The fifth match game between Potter and Zukertort, played in London in 1875, saw a dogged struggle. The final position is shown in the diagram below, where the players agreed to a draw after 91 Kb5-c4. William Norwood Potter, an English master, must have reasoned as follows: the protected passed pawn on d4 obliges the White king to stand guard. The passed a- and b-pawns cannot overcome Black’s king on their own, and so a draw is inevitable.
But Potter missed a splendid winning idea, in which the White king makes a heroic charge up the board. An illustrative variation: 91…Kc6 92 b5+ Kb7 93 b6 Ka6 94 Kb4 Kb7 95 Kb5! d3 96 a6+ Kb8 97 Kc6 d2 98 a7+ Ka8 99 Kc7 d1=Q 100 b7+ Kxa7 101 b8=Q+ Kxa6 102 Qb6 mate!
There is no room for error in this kind of operation. For example, in the line above 93 a6+? would throw away the win, and then 93…Kb6 94 Kb4 Ka7 95 Ka5? even loses as White is a tempo behind the pace: 96…d3 97 b6+ Kb8 98 Kb5 d2 99 Kc6 d1=Q
Le Quang Liem–Leinier Dominguez
New in Chess Classic, April 2021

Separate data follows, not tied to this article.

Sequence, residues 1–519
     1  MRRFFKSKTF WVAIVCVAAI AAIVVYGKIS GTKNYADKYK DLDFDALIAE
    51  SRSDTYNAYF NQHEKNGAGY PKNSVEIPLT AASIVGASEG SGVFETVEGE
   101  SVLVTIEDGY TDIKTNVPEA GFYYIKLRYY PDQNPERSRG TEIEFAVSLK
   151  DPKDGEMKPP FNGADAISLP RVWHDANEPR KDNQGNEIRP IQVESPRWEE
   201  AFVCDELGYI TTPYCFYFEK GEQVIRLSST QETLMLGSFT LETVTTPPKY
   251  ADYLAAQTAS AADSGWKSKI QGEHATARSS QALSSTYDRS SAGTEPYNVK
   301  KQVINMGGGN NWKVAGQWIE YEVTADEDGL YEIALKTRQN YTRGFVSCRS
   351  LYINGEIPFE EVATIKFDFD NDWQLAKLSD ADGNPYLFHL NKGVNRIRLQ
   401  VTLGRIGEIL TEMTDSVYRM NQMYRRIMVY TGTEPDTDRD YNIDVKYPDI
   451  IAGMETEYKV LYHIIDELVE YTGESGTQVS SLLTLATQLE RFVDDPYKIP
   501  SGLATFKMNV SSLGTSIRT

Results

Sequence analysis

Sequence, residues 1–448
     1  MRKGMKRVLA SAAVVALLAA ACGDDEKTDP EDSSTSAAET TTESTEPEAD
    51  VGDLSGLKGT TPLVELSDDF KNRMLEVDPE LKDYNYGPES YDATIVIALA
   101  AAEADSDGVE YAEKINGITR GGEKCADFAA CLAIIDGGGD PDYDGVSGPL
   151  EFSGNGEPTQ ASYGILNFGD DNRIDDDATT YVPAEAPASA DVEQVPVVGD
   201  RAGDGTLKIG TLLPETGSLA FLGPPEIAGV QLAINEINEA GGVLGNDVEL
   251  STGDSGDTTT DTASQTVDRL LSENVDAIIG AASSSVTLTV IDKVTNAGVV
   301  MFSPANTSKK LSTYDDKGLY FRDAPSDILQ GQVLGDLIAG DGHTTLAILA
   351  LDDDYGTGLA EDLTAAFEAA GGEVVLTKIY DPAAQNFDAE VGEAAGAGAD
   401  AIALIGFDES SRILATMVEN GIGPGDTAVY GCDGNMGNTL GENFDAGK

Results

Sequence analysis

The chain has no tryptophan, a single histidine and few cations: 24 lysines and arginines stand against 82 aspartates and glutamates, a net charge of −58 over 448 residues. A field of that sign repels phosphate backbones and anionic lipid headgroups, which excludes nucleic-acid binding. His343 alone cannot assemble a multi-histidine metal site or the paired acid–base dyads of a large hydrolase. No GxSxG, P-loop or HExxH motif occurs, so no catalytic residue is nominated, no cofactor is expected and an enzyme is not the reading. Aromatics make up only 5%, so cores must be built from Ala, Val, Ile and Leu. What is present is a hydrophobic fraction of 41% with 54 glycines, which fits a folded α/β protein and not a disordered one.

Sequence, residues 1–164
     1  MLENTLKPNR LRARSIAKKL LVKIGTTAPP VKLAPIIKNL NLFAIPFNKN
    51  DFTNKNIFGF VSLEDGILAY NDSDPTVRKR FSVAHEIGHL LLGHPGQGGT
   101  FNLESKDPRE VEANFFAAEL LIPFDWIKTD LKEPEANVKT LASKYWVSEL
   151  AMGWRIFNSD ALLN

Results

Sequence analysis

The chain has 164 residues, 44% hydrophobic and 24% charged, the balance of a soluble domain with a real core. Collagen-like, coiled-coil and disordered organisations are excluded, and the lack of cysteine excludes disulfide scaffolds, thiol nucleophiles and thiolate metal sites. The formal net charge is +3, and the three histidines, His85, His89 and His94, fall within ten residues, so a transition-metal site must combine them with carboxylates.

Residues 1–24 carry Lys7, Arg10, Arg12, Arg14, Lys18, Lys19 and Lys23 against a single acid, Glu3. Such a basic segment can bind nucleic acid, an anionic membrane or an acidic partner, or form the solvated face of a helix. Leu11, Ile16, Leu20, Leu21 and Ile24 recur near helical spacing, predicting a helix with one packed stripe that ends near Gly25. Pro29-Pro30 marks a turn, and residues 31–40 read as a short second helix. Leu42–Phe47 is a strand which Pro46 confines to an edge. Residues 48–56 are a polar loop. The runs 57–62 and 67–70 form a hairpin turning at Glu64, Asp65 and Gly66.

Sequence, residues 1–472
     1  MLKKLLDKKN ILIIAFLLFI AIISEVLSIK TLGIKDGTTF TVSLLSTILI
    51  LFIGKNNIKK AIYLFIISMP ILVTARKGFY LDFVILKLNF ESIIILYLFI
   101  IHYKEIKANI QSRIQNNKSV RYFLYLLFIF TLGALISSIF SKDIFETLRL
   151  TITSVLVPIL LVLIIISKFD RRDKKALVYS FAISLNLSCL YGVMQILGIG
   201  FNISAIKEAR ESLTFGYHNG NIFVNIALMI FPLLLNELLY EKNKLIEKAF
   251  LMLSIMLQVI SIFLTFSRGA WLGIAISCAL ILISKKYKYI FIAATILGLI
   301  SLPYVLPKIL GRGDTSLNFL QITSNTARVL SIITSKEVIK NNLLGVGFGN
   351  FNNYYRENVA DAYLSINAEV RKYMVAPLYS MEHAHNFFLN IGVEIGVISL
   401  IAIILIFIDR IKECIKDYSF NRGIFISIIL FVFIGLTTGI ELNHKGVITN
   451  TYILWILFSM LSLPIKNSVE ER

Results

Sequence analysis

An exciting situation occurred last month (see diagram 2, Black to play). Imagine sweeping away all the f, g and h pawns: the position is then drawn. Black will place pawns on e4 and d3, so that a bolt forward with the White king (as in the previous example) would be too slow. However, if Black plays 39…e4 in the diagram, White has a methodical winning plan, making use of the f2-pawn. First, 40 h5! to fix the kingside pawns, so if Black ever ventures …g7-g6, the response g4-g5! will engineer a decisive passed h-pawn. Next, trundle the king round to b3 and c4, and back to c3 when Black advances d4-d3. (White must be sure to meet …a7-a5 with a2-a4, to retain access to the b3-square). Finally, dismantle Black’s e4-d3 mini pawn-chain with f2-f3. Instead, Black could start with 39…g6. But then 40 g5! nails down the f7-pawn, and the same plan can be enacted. An alternative defensive idea is 39…f6, since the g7-f6-e5-d4 pawn chain can never be undermined. But it is too far back, so White has a win in the style of Potter-Zukertort, e.g. 40 h5 Kd8 41 f3 Kc8 42 Ke2 Kd8 43 Kd3 Kc8 44 Kc4 Kd8 45 Kc5! d3 46 Kb6 d2 47 Kb7 d1=Q 48 c7+ Kd7 49 c8=Q+ Kxd6 50 Qd8+ with a decisive skewer. Dominguez took just seconds to play the only drawing move. He played 39…h5!!, aiming for a safe connected trio f5/e4/d3. If 40 g5 f5! 40 gxf6 (en passant) gxf6 41 Ke2 e4! is just in time, with f6-f5 to follow. Or 40 f3 hxg4 41 fxg4 e4 and the pawn duo is safe. Le tried a clever idea, 40 Ke2. Now if Black tries to win, he actually loses, e.g. 40…hxg4 41 Kd3 Kd8 42 Kc4 Kc8 43 c7 f5? (Black must not allow a future Kd5-e6). 44 Kc5 Kb7 45 Kd5 d3 46 Ke6 d2 47 Kd7 d1=Q 48 c8=Q+ and the d6 pawn will soon win the game. Dominguez wisely ignored the bait, and after 40…e4 41 gxh5 f5 42 f4 d3+ 43 Ke3 Kd8 it was Draw agreed a few moves later.
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